Last year, the Conservatives faced a revolt by backbenchers after severing the party's long-standing ties with the 11-plus. Graham Brady, then shadow Europe minister, quit over the move. Mr Gove visited a series of comprehensives and grammars in Mr Brady's Altrincham and Sale West constituency. He said: "More broadly, the Conservative party has always said that where grammar schools exist and where they command the support of the local community, then they should be absolutely defended because we believe in not just excellence in education but also respecting local wishes. "Our policy has not changed. We are clear that there will be no return to the 11-plus nationally but we are also clear that, where good schools exist, it would be foolish not to learn from their success and see how we can apply those more widely across the state system."

Mr Brady said: "I think it ought to be possible to have elements of selection but that is a political discussion which can be had. "Michael's visit has very clearly demonstrated that there is no educational argument against selective areas and there is no social argument that we are achieving opportunities for all children in grammar schools and high schools."

But Jim Knight, the Government's schools minister, sought to exploit what he described as Tory splits over selective schools. Last year, Dominic Grieve, a Buckinghamshire MP and new shadow home secretary, said more grammars should be opened in the county if they were needed. "We do not know where David Cameron or Michael Gove really stand or what Conservative Party policy is today," said Mr Knight. "David Cameron has relied on shallow salesmanship to dodge the tough questions for over a year but it's now time for the Tories to come clean."


Amazing: Britain to mandate annual "safety" inspections of all garden trees

At huge overall cost

Homeowners face having to pay a specialist to inspect their trees under a safety regime drawn up by one of Britain's most respected watchdogs. The British standard for tree safety inspection would require all trees to be checked by a "trained person" every three years, with a still more rigorous "expert inspection" by an arboriculturist every five years. Tree owners will also be obliged to conduct a "walk-by" inspection themselves once a year.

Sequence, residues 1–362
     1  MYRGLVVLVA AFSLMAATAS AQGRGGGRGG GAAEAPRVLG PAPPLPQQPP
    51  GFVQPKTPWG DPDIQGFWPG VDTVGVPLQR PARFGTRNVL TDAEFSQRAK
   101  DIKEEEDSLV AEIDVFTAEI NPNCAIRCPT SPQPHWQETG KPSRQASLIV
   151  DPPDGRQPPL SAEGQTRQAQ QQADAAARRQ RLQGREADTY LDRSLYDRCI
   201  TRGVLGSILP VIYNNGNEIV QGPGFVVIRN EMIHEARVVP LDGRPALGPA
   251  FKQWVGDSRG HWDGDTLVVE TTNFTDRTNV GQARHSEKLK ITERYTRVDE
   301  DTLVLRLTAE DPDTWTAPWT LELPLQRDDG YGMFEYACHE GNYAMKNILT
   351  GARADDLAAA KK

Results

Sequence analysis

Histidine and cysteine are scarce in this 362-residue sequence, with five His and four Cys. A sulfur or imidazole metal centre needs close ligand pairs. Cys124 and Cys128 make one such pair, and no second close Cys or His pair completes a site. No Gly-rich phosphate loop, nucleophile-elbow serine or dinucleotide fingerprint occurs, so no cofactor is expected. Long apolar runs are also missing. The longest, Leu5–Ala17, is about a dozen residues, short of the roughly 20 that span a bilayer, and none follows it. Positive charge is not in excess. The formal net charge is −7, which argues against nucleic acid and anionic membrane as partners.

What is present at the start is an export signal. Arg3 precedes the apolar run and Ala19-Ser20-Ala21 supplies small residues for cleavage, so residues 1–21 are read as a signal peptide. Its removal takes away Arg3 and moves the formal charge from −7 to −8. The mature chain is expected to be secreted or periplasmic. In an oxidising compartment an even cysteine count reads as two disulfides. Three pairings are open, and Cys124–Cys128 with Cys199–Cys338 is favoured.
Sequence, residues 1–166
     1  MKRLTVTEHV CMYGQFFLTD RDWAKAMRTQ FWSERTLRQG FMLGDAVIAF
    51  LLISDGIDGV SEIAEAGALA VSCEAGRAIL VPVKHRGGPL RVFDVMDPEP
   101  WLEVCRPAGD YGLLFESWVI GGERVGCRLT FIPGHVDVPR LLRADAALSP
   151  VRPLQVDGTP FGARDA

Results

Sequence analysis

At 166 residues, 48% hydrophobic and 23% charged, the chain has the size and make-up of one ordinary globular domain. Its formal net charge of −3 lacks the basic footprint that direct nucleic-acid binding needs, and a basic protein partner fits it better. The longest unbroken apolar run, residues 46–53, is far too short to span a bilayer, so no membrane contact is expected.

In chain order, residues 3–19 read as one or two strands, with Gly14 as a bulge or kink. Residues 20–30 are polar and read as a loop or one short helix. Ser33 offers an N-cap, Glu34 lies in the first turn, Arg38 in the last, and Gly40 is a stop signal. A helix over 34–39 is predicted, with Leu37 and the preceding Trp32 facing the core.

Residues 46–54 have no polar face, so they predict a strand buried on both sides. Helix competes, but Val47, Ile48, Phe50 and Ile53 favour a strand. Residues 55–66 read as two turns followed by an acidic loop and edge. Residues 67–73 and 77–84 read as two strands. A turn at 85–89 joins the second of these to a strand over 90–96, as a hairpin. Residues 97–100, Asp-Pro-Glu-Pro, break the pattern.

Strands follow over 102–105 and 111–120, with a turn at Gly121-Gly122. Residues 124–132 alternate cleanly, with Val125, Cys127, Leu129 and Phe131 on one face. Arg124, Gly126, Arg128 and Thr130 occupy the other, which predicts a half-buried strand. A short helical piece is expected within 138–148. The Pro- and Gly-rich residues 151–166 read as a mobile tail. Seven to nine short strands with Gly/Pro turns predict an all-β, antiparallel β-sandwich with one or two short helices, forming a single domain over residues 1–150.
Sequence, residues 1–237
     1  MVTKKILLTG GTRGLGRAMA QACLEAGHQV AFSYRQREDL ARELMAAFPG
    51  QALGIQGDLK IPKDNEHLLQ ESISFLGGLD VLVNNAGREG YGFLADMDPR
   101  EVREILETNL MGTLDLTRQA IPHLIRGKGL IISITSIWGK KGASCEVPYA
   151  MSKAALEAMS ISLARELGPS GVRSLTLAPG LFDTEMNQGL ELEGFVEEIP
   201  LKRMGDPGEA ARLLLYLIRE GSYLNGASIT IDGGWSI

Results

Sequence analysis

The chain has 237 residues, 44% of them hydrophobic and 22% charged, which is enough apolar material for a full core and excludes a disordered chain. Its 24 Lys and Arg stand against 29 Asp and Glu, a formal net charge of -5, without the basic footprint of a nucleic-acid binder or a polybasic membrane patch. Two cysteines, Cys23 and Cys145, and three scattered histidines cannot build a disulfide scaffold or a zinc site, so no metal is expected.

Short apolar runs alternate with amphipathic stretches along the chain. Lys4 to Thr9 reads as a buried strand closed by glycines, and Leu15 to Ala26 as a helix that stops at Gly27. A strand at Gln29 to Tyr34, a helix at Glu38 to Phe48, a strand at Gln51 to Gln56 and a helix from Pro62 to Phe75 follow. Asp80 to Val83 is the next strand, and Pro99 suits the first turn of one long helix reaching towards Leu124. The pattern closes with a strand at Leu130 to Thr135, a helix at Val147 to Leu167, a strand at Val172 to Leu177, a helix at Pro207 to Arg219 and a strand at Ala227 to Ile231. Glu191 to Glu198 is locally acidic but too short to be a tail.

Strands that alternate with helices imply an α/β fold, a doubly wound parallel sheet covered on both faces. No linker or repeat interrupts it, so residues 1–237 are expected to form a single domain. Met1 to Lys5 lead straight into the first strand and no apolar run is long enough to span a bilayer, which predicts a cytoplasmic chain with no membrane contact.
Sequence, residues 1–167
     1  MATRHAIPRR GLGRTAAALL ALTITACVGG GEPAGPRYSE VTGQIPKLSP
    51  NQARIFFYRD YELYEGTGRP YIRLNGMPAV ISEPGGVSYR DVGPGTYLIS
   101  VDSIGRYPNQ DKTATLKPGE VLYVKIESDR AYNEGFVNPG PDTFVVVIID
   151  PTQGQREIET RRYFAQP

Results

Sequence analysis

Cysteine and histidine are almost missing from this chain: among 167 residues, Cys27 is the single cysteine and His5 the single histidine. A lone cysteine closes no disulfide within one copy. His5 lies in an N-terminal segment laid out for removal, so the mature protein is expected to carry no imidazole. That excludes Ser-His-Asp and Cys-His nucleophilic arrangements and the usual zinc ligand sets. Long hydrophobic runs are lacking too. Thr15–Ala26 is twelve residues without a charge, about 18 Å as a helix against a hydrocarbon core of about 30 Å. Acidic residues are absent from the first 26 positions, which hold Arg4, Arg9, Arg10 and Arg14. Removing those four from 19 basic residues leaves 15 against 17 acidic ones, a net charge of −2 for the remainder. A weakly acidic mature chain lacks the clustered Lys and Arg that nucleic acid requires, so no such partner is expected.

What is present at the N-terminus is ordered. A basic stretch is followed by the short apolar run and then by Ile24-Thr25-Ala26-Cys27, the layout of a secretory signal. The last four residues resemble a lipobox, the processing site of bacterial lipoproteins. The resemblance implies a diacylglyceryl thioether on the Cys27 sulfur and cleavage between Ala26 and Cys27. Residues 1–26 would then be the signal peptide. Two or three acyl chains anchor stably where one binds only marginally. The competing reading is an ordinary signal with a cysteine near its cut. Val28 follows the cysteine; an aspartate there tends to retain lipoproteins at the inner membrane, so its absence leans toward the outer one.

The drive to make all trees subject to inspection is being led not by the Health and Safety Executive - which opposes the move - but by the British Standards Institution (BSI). Highly respected in the building and engineering industries, it is better known for its views on the composition of cement than on the health of trees.

Its proposals come despite the low risk posed by trees to the public. On average six people a year are killed by falling trees, making the probability of a fatal accident less than one in two million. This compares with 647 deaths from tripping down stairs or steps.

Under the health and safety principles that have governed trees for 60 years, the risk they pose is "tolerable", and no inspection regime is necessary if the probability of death is less than one in one million each year. But the BSI was prompted to act after several legal cases appeared to challenge the existing regime. In 2006 Gary Poll, a motorcyclist, collided with a fallen branch on a road in Somerset and made a claim against the landowners. The judge ruled that if arboriculturists had been called in, the accident could have been averted.

But critics say that the BSI is overreacting and fear that a tree standard would spawn a new industry of tree inspection - a bonanza for arboriculturists but extra cost for homeowners, local authorities and landowners. Many tree surgeons do not currently charge to inspect garden trees because it normally leads to work. Tree Care, a company in West London, is typical. It does not charge for inspections and quotes but the charge for the most basic work is 160 pounds. However, some companies who work for large landowners do offer an inspection service. Prices start at 300. However, those consulted by The Times yesterday said that if they were being called out for numerous routine inspection visits they would have to charge about 70 pounds a time, or more if they had to climb the tree.